Rotary was brought to Phoenix by Wallace C. Button. He was returning to Phoenix by train from St. Louis. It was June 1, 1913. He met Mr. L. P. Sullivan, a Rotarian from San Antonio, who suggested that Wallace organize a Rotary Club in Phoenix. He received literature from Rotary International, which he gave to five men. The five men got together with several others and had their first meeting in early July 1913. There were several more meetings, but it wasn’t until December 15, 1913 that 25 men met at the Hotel Adams at an evening dinner to proceed with the actual formation of a Phoenix Rotary Club. There was a great deal of discussion but little results and another meeting was called for on December 31, 1913. There were 35 present at this meeting; there were many matters considered, many new ideas proposed and objections to the organization ironed out. None of those present had a very clear idea of the aims and objects of Rotary.
There were several who objected to the formation of a Rotary Club for various reasons, one of which was the fear that Rotary might somehow be somewhat similar to the Ku Klux Klan! The fears were laid to rest and another meeting was held on January 5, 1914. At this meeting approximately 50 men met to perfect the organization and to make application to Rotary International for membership. A constitution and by-laws were read and adopted (Club 100’s constitution predates the constitution of Rotary International). Thirty men signed the application and paid a membership fee of $10 each and are our Charter Members. The application was denied by Rotary International because Phoenix did not have the minimum 25,000 population required to support a club. However, after several months of correspondence, Charter No. 100, dated March 1, 1914 was delivered to the Club and Phoenix became the “Century Club” of Rotary International.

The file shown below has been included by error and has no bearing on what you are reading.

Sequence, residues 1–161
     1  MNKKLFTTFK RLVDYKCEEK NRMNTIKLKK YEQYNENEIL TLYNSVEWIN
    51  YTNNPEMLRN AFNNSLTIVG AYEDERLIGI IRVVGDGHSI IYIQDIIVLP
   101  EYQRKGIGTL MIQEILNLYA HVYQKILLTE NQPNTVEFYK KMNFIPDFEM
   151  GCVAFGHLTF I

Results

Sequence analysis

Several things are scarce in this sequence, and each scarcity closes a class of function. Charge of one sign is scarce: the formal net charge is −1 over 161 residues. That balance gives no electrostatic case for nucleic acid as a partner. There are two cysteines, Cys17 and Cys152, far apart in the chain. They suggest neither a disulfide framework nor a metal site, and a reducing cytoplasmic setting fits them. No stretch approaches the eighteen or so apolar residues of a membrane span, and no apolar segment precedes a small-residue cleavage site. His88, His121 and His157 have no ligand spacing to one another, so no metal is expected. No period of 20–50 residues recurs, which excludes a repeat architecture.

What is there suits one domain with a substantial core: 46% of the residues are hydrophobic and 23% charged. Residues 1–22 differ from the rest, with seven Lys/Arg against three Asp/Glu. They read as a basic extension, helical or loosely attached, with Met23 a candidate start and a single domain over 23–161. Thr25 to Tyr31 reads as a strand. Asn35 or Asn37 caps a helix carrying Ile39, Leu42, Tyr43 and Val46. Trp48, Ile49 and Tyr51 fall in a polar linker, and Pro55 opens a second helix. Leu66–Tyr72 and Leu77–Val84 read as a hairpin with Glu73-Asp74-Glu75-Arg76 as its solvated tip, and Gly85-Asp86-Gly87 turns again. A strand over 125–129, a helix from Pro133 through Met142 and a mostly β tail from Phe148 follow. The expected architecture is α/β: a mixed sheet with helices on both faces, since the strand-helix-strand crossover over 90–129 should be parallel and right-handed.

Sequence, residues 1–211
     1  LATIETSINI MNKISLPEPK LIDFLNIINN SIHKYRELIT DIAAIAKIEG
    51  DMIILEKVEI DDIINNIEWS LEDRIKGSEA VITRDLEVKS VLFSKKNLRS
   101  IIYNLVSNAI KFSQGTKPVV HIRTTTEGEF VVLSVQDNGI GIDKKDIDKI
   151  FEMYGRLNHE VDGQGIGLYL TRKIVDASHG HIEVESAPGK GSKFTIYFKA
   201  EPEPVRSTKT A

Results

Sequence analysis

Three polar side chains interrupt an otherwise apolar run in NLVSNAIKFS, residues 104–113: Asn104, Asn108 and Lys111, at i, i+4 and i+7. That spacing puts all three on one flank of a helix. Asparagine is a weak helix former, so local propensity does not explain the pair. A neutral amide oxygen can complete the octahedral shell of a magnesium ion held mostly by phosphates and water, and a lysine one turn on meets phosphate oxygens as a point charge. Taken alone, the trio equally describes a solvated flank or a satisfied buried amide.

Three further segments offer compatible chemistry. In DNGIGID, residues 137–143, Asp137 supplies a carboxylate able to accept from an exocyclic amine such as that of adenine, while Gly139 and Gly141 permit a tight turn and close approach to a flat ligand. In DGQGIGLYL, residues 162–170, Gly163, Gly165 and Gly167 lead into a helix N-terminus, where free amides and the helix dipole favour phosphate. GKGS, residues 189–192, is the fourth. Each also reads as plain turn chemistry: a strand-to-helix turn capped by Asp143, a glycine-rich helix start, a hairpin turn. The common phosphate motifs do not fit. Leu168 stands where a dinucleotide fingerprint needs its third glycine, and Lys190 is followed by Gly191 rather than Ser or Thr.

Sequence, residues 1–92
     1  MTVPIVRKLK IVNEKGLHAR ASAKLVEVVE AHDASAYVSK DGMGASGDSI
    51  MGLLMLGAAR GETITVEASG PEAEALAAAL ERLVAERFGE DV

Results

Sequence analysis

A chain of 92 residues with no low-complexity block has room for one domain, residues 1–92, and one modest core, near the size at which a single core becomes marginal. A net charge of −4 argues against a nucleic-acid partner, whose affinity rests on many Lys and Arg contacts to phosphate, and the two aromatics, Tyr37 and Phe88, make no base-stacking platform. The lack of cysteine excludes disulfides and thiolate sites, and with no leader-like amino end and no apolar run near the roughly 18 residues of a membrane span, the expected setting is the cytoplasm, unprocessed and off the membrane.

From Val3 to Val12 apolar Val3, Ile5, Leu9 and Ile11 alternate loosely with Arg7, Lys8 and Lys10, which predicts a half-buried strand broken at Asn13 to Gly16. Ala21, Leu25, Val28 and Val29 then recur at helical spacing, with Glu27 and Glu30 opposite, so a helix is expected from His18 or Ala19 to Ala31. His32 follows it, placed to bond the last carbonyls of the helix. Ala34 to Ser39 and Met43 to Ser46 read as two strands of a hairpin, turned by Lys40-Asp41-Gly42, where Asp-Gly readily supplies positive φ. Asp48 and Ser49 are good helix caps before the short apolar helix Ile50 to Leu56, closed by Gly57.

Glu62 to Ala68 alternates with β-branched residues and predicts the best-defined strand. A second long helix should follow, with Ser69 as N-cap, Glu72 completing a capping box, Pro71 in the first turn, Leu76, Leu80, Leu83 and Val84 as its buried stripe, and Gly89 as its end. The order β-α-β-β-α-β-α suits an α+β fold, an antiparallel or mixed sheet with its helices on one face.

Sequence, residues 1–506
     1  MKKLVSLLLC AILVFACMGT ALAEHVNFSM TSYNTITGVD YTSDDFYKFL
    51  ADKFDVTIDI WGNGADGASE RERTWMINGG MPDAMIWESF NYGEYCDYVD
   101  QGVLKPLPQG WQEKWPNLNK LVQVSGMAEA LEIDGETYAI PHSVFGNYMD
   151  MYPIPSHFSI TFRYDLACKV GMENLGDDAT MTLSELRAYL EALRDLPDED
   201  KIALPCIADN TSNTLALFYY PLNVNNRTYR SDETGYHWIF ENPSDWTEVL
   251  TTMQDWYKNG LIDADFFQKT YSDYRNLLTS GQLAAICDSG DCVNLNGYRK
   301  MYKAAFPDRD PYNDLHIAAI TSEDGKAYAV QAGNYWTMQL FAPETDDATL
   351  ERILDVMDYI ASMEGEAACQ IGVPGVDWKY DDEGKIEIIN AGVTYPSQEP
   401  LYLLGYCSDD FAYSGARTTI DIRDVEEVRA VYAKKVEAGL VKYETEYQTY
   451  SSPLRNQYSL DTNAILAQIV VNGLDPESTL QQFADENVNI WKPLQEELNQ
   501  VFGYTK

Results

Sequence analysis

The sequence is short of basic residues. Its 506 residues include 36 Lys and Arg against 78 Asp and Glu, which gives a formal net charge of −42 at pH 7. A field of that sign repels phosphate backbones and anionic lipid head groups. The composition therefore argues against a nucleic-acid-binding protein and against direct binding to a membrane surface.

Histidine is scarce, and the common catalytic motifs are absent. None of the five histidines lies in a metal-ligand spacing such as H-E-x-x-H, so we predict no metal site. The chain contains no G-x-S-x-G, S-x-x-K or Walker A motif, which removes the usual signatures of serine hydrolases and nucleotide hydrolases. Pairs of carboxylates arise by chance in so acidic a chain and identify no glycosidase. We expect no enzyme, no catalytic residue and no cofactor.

The Rotary Club of Los Angeles sponsored Phoenix into Rotary.